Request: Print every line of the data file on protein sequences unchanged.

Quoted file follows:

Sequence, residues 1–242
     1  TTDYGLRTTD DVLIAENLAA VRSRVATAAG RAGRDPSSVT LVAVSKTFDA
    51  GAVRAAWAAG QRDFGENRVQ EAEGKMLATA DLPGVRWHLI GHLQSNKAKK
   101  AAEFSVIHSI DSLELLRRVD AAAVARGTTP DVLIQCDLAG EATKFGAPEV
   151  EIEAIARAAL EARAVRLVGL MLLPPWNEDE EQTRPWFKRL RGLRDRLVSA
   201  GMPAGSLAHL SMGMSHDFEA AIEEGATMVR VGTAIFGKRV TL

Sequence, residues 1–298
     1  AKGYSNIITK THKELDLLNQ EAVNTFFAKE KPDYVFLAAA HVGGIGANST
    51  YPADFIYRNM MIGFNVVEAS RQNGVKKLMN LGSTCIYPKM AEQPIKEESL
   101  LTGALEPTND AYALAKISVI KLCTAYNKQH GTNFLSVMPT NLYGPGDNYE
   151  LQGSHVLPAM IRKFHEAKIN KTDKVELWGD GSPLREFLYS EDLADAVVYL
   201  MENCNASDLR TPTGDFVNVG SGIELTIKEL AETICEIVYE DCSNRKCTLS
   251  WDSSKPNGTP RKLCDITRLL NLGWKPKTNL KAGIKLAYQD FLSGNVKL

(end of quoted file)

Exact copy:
Sequence, residues 1–242
     1  TTDYGLRTTD DVLIAENLAA VRSRVATAAG RAGRDPSSVT LVAVSKTFDA
    51  GAVRAAWAAG QRDFGENRVQ EAEGKMLATA DLPGVRWHLI GHLQSNKAKK
   101  AAEFSVIHSI DSLELLRRVD AAAVARGTTP DVLIQCDLAG EATKFGAPEV
   151  EIEAIARAAL EARAVRLVGL MLLPPWNEDE EQTRPWFKRL RGLRDRLVSA
   201  GMPAGSLAHL SMGMSHDFEA AIEEGATMVR VGTAIFGKRV TL

Sequence, residues 1–298
     1  AKGYSNIITK THKELDLLNQ EAVNTFFAKE KPDYVFLAAA HVGGIGANST
    51  YPADFIYRNM MIGFNVVEAS RQNGVKKLMN LGSTCIYPKM AEQPIKEESL
   101  LTGALEPTND AYALAKISVI KLCTAYNKQH GTNFLSVMPT NLYGPGDNYE
   151  LQGSHVLPAM IRKFHEAKIN KTDKVELWGD GSPLREFLYS EDLADAVVYL
   201  MENCNASDLR TPTGDFVNVG SGIELTIKEL AETICEIVYE DCSNRKCTLS
   251  WDSSKPNGTP RKLCDITRLL NLGWKPKTNL KAGIKLAYQD FLSGNVKL